Pig-in-a-pose

As the Chinese have the Year of the Horse, the Year of the Dragon, and other interesting-sounding years, I have Days. Day of the Puppy, Day of the Cat, and recently I had Day of the Pig to remember.

A couple of months ago I received a phone call from someone I didn't know. She who spoke softly told me that she was writing a book about authors and their animal friends, and that she wanted to come out to interview me and take some pictures.

At first I was inclined to back off. For all I knew this person might be a would-be author who would ask - ''How do you write a book?'' and expect a helpful answer at once. During our brief telephone conversation I learned something about her. Her name was Gale and she had great powers of determination.

Before she arrived late one afternoon, I became more and more curious. Judging from her voice she could be of high school or college age, or she could be a sweet elderly lady intent on becoming an author. She spoke with a New York accent. It was fun to speculate. It was a shock to meet her.

Her suntanned face and her features made me think of an exotic Egyptian princess. But she was much more than that. Her personality was such that I felt well liked at first sight. I discovered that she had a number of books to her credit, that she became a professional photographer in a hurry. When applying for a job she was asked if she could do photography. She knew that she could, though she had never tried it. After buying the equipment that would be needed and reading books on the subject, Gale was ready and enthusiastic.

This day her friendliness and her sense of humor did not keep her from business. ''Let's get to work, the sun is just right for backlighting.''

She liked my pig, Little Brother, and he liked her. He made loving crooning conversation as she petted him. Domingo the burro waved his long ears and walked up to her to examine all that strange stuff she was carrying. The big white steer, Calfalier, was in a reclining position, so she got a picture of me sitting on him, and after he recovered from his siesta and stood up she caught the beauty of him with sunlight outlining his great spread of horns.

As she left she said, ''I have to go back east and then up to Alaska to interview more people and animals. Then I'll be back. I have to get some shots of Little Brother looking out your kitchen door. That can be arranged, can't it?''

It was some weeks later before we had our afternoon with the pig. Though Little Brother was fond of her and the apples she brought him, he simply declined to move from where he was sprawled in the wallow from the overflow of a watering trough.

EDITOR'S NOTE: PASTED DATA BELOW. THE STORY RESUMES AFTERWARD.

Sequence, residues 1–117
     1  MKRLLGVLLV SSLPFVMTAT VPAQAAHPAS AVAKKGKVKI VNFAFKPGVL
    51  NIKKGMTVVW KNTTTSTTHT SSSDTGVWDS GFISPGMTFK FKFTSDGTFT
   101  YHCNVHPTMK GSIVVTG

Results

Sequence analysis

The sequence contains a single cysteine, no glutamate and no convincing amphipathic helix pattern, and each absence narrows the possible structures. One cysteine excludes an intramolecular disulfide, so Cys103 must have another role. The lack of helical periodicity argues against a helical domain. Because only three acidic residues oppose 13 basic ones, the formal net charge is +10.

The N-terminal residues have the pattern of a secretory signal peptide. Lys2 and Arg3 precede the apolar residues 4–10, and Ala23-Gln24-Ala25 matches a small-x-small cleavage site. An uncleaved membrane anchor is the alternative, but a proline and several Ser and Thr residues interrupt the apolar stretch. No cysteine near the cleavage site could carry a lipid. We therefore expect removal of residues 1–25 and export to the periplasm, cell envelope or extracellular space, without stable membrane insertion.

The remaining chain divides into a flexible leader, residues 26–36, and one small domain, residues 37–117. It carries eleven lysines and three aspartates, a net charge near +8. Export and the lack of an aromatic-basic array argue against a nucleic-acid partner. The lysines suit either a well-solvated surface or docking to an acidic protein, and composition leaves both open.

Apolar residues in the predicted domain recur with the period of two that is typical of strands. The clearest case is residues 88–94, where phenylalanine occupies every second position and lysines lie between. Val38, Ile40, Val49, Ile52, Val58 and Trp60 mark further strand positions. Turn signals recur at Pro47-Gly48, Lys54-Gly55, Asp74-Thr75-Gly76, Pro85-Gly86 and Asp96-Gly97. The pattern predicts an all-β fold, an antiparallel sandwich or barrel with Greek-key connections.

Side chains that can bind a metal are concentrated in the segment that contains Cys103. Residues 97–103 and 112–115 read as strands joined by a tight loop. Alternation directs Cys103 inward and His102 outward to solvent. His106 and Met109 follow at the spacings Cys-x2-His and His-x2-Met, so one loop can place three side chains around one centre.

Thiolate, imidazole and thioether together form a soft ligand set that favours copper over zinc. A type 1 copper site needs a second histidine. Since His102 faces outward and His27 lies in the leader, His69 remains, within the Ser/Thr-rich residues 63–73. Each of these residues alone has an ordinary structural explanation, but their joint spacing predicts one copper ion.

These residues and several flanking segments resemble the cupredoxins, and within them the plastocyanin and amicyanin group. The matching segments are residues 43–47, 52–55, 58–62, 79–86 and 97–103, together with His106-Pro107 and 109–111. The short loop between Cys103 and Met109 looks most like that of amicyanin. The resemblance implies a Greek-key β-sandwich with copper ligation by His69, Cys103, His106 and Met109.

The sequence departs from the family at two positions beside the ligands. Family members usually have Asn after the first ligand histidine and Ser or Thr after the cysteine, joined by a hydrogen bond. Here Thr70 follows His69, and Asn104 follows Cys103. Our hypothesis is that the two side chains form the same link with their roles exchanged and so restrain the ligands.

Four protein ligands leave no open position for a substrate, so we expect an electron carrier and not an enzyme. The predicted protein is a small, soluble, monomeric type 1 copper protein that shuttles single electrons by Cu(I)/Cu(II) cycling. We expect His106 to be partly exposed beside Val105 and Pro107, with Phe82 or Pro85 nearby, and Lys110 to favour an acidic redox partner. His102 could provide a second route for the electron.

Gale said, ''I can get a good shot of him there. Take off your shoes and socks, lie down right next to the water, put one leg over him so the bare foot will show, put your arm around his neck, look up at me, and laugh. That's good, now let's try another one. . . .''

After that, we decided to give Little Brother another chance at the back porch. It took a deal of coaxing and a number of apples to make him try two steps. But he didn't like it, started to back down, lost his balance, and rolled the rest of the way. After that he saw no reason to cooperate - in spite of all our efforts. He is an enormous pig, old and opinionated, and being pushed and pulled around was entirely against his wishes. Finally Gale said, ''There's got to be another back entrance to this house.''

Why hadn't I thought of this? Of course, the screen porch, no step to go up. I said, ''I took a cold old cow inside one winter day. She could have gone to the barn but she didn't want to walk across the snowy field.''

It wasn't much work to get the pig into the screen porch, through another door into the living room, where he had his picture taken beside our grandfather clock. By now there was a similarity between my appearance and that of the pig. We were both plastered with mud. When it was time for the shot of the pig and me looking out the kitchen door I realized I was almost as ready to quit as Little Brother. But his methods were more direct. In his haste to leave the scene he banged against the half-opened door, removed it from its hinges, and headed briskly for the barn. Since then he hasn't been seen anywhere near the kitchen.

I remained to make it up with Gale, but to her it was all a part of the day's work.

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